U.S. v. FOOTE, NO. 13-7841

Decided On: April 27, 2015

The Fourth Circuit held that defendant’s collateral appeal, based on §2225 allegations, did not state a claim of error that sufficiently fulfilled the high standards required in §2225, and affirmed the lower court’s decision.

The appellant, Foote, originally pled guilty to drug crimes that resulted in his designation as a “career offender,” and a sentence of 262 months. Under the sentencing guidelines, and due to a decision rendered in U.S. v. Harp, one of Foote’s prior drug crimes qualified him as a “career offender,” which elevated his offense level and the sentence range, and the district court sentenced him at the bottom of the sentencing range. Although Foote appealed, and the Fourth Circuit affirmed based on Harp, the Supreme Court vacated and remanded for consideration due to the decision in Kimbrough v. U.S. On remand, the district court applied the same sentence, and the Fourth Circuit again affirmed. However, a subsequent case, U.S. v. Simmons, abrogated Harp in light of Carachuri-Rosendo v. Holder, which held that a court should look to the conviction itself, and not the crime or sentence that a defendant could have been sentenced with when determining a defendant’s “career offender” status. Because the court announced that Simmons could be applied retroactively, and because this appeal was still pending at that announcement, appellant amended his §2225 complaint, asking the court to resentence him, and reduce his sentence.

The court first determined that, since the appeal was a matter of pure law, it could review the case de novo. The court then examined §2225 itself, noting that if the error is neither constitutional nor jurisdictional, then a district court would not have jurisdiction to hear the case unless the alleged error was of a nature of “exceptional circumstances where the need for the remedy afforded by the writ of habeas corpus is apparent.” The court first looked at U.S. v. Davis, a case where the court held that defendants could bring a §2225 claim when they are convicted for acts that are later determined to be non-criminal. The court then looked at other cases where §2225 claims were not allowed, such as when a district court’s failure to follow procedural rules did not prejudice the defendant. In between these two types of cases, what the court termed the “spectrum,” the court placed the kinds of cases where §2225 claims were unsuccessful, where the way the court’s sentencing was changed but not in a way that made the sentence unlawful. After looking at these cases, the court then proceeded to examine how three other circuits had decided cases similar to Foote’s, noting that those cases were “nationally consistent yet internally divided.” Although the three circuits reached the same conclusion, and that there is no circuit where  “a challenge to one’s change in career offender 21 status, originally determined correctly under the advisory Guidelines, is cognizable on collateral review,” the court also recognized that these were close decisions that needed to be addressed. The court then looked at two Fourth Circuit cases that held that errors in applying the Sentencing Guidelines normally could not be addressed in §2225 claims, and that errors in the “post-conviction context are grounded in actual innocence.” Furthermore, the court was “hesitant to declare that a fundamental defect or a complete miscarriage of justice has occurred in a situation in which Appellant was (and on remand, would again be) sentenced under an advisory Guidelines scheme requiring individualized analysis of the sentencing factors set forth in 18 U.S.C. § 3553(a).” Since Foote was not claiming innocence, and since the district court did not seem to have overstepped its discretion in sentencing, and since the Fourth Circuit did not think that the “career offender” designation was a “fundamental” error, and, even though the Fourth Circuit acknowledged that Foote’s sentence was increased due to the “career offender” status, the Fourth Circuit affirmed the district court’s decision.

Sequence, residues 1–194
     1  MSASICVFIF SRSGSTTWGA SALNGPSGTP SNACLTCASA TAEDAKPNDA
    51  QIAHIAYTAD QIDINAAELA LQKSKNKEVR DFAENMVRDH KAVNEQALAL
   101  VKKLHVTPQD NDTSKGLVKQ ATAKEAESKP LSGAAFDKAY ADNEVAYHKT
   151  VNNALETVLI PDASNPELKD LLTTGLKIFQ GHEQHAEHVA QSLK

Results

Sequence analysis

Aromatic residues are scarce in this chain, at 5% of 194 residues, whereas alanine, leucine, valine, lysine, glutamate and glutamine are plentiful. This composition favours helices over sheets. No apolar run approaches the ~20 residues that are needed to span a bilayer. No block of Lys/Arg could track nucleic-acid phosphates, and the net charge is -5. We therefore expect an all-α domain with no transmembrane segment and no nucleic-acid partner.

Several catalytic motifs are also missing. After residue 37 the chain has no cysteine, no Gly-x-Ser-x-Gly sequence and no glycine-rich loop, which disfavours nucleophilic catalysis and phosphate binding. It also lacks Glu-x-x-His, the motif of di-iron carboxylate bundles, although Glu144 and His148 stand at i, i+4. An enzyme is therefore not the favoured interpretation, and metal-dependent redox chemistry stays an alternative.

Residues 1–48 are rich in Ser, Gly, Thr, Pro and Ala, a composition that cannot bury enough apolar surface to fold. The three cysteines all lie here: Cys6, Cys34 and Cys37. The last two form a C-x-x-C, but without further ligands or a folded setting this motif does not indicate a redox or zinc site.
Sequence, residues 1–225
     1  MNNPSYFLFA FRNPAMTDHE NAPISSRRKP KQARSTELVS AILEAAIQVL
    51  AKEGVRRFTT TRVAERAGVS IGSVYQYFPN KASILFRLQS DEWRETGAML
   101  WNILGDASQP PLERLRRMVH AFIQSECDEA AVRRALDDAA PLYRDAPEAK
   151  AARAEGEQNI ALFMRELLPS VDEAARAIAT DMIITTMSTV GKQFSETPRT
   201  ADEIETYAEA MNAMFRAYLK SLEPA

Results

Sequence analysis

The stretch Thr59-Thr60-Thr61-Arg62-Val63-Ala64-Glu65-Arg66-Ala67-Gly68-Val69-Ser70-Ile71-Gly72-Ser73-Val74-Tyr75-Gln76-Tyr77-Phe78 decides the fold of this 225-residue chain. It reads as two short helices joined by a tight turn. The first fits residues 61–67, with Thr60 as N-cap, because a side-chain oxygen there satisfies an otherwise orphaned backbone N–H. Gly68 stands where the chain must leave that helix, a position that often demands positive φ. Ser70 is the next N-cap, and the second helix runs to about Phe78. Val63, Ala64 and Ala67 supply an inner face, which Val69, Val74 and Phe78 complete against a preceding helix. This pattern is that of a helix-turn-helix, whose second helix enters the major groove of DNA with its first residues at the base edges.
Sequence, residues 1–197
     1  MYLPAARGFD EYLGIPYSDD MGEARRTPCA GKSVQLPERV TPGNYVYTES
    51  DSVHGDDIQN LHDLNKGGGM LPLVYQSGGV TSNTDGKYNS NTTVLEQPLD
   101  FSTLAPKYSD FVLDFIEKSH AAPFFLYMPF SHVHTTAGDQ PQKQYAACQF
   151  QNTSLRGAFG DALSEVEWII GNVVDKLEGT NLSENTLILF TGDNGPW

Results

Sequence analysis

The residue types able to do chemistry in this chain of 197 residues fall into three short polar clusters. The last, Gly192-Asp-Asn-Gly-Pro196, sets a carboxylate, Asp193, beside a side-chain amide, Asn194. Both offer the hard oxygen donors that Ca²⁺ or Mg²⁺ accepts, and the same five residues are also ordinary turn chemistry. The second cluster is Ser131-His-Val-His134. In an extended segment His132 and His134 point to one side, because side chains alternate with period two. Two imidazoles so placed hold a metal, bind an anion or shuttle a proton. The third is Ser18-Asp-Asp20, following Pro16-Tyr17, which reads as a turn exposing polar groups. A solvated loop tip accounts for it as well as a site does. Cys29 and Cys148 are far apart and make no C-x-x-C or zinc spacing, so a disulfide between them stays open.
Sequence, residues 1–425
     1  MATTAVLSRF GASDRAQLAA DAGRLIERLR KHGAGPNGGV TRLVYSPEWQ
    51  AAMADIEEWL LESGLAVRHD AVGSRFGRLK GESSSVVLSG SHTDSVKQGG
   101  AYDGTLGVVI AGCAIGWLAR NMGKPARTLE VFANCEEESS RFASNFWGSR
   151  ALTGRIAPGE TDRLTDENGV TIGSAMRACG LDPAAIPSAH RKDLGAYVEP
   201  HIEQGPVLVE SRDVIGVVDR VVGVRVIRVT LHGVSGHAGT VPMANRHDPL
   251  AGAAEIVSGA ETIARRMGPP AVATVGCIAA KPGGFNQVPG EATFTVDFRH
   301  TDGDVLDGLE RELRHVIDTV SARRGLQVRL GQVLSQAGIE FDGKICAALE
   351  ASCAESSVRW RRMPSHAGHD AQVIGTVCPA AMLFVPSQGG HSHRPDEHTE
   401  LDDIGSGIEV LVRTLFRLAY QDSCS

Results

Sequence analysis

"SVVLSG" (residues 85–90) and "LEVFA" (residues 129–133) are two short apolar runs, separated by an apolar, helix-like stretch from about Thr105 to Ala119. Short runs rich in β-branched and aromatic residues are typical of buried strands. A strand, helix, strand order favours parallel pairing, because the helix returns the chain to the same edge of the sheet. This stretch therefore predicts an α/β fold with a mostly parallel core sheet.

Full Opinion

Jennie Rischbieter

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